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Supervisor Ed Elswick’s property rights proposal reflects a basic misunderstanding that should worry residents this election year.
Thursday, May 23, 2013
The damage to logic being done by ICLEI conspiracy theorists was on full display at the last board of supervisors meeting in Roanoke County.
Whether the county eventually suffers the ill effects might depend on this year’s elections.
Incumbent Ed Elswick, who is up for re-election in November, offered for consideration a property-rights resolution so ambiguous that the Roanoke Regional Chamber of Commerce’s public policy expert showed up to object.
Which, we suppose, now makes the chamber suspect as part of some shadowy U.N. conspiracy to slay private property rights on the altar of sustainable development.
Let’s be clear. No county supervisor wants to erode private property rights. Not through ICLEI’s voluntary energy (and money) savings measures. And certainly not through Elswick’s property rights proposal, though it represents the real threat.
No. 1 on the list of provisions is that “citizens’ private property rights shall be placed in the highest priority of consideration during planning and zoning activities,” a starting point in many disputes where exercising those rights steps on neighbors’ toes.
A case in point: the right of a Poor Mountain property owner to lease land for proposed industrial turbines — in sight of Bent Mountain, in Elswick’s Windsor Hills District. Though Elswick likes wind power in concept, neighbors’ fierce opposition prompted his unsuccessful fight in 2011 to keep the county from adopting special-use conditions for turbines.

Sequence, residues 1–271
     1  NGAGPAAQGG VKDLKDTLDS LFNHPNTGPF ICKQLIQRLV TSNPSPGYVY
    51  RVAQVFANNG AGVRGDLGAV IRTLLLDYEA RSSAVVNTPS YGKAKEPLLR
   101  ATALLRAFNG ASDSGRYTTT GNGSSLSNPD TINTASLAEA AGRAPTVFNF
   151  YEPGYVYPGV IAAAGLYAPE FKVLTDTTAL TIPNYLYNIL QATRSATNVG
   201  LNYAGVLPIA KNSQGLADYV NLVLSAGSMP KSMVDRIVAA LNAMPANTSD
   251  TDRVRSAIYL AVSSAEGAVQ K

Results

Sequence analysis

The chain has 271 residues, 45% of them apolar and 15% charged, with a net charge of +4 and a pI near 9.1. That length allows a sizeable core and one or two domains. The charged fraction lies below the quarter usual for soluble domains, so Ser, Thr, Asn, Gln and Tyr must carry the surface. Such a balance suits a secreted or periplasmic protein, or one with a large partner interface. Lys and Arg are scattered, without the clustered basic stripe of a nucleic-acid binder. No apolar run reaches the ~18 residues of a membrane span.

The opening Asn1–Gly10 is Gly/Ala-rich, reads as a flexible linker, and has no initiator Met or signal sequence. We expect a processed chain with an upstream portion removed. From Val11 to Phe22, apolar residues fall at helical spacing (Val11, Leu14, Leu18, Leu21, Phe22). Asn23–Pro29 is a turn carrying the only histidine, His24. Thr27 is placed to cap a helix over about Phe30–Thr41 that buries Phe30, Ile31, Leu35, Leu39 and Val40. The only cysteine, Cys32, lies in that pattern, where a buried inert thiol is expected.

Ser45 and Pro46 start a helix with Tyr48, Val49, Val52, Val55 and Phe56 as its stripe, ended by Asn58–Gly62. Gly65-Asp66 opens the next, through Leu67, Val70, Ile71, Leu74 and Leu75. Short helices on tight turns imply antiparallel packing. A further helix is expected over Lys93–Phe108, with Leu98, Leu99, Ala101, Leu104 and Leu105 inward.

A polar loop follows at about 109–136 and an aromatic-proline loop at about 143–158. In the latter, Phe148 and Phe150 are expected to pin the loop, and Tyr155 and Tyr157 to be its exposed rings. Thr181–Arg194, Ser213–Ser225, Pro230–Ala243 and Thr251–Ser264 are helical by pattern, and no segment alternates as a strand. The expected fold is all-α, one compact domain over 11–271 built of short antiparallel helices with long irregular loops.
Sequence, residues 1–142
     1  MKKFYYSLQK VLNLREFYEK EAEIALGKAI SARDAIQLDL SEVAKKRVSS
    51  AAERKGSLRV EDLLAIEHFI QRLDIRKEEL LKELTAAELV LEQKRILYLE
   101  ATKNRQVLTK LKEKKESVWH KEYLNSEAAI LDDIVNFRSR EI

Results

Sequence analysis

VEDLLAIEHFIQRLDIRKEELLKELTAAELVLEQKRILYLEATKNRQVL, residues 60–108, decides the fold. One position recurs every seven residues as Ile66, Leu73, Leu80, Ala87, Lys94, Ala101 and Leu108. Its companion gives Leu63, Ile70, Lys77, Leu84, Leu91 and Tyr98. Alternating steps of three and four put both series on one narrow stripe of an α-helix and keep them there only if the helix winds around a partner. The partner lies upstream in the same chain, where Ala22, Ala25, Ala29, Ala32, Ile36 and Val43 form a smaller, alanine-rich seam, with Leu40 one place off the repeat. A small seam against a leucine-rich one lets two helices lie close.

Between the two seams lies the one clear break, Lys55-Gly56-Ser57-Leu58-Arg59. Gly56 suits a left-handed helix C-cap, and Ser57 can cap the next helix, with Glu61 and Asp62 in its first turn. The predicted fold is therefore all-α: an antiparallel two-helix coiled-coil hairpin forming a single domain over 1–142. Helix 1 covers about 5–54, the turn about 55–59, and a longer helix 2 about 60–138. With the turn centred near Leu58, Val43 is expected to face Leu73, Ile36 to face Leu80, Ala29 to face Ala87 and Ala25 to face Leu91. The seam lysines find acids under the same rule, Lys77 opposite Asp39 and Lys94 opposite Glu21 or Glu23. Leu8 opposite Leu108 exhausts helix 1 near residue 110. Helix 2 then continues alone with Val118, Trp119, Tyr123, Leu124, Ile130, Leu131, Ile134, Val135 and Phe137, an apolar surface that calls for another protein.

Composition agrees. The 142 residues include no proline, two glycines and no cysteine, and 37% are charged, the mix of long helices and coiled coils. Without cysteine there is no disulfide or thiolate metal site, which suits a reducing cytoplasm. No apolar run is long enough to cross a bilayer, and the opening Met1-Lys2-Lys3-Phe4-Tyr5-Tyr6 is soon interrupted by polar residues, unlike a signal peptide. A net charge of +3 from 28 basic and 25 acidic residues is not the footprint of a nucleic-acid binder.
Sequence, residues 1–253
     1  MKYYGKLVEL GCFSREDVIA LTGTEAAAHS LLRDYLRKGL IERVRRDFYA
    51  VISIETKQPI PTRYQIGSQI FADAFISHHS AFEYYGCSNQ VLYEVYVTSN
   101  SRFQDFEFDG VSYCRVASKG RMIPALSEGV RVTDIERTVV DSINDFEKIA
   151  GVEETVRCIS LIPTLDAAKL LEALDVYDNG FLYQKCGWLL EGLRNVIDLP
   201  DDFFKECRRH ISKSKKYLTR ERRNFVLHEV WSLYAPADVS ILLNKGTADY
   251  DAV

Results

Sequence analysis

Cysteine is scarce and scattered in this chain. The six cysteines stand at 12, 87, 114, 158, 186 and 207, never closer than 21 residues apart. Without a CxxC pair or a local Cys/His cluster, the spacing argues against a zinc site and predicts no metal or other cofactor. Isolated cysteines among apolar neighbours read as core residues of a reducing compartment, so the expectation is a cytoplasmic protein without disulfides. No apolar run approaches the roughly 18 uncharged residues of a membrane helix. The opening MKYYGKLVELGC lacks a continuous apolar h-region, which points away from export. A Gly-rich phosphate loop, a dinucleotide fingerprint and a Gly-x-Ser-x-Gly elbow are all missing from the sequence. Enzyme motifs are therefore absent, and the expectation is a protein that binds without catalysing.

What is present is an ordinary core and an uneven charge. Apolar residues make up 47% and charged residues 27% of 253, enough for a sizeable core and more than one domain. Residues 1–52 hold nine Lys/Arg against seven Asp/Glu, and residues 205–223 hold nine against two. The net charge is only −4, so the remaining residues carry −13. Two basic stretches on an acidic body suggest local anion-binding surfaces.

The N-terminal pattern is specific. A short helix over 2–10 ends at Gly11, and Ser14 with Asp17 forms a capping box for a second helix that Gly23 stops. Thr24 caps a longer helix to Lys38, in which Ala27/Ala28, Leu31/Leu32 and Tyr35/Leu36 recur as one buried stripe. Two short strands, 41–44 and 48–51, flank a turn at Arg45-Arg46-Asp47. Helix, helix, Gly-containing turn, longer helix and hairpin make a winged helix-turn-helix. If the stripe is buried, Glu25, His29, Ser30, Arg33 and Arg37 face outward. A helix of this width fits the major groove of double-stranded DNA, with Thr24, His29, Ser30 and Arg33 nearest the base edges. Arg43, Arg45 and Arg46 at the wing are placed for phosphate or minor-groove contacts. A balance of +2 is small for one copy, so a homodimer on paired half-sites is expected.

The rights of property owners came into conflict. Who should prevail?
Elswick tries to resolve that with another, inherently contradictory, provision: “That property owners have the right to use their land as they see fit as long as that use does not interfere with the rights of others.”
Sounds nice, but that’s the trick, isn’t it? If they do interfere, why should the rights of one’s neighbors supersede one’s own rights to use private property? Who determines the greater right, as it were, and how?
That’s the function of a zoning ordinance, to give landowners and developers predictability about what will be allowed, either by right or with a special-use permit, and what will not be allowed unless property is rezoned.
Elswick’s proposal “is adding a layer of subjectivity on the zoning process,” the chamber’s Tori Williams commented later by phone. “What is the purpose of this?”
Another provision states residential or agricultural land cannot be rezoned for commercial or utility use “unless there is a significant benefit to the public.” In hopes of blocking dormant plans for a wind farm?
Rezoning was not required anyway; the zoning amendment Elswick fought in 2011 is designed to mitigate the impact on surrounding property owners should turbines ever be built.
His opposition then made no more sense than his latest proposal, which the board majority waylaid for now.
But it touches on several “don’t tread on me” themes likely to appeal to the county’s anti-ICLEI zealots.
Like them, it betrays no awareness that often, one person’s infringement is another person’s assertion of rights. Orderly societies follow laws to sort things out.
That understanding is basic to holding elected office.
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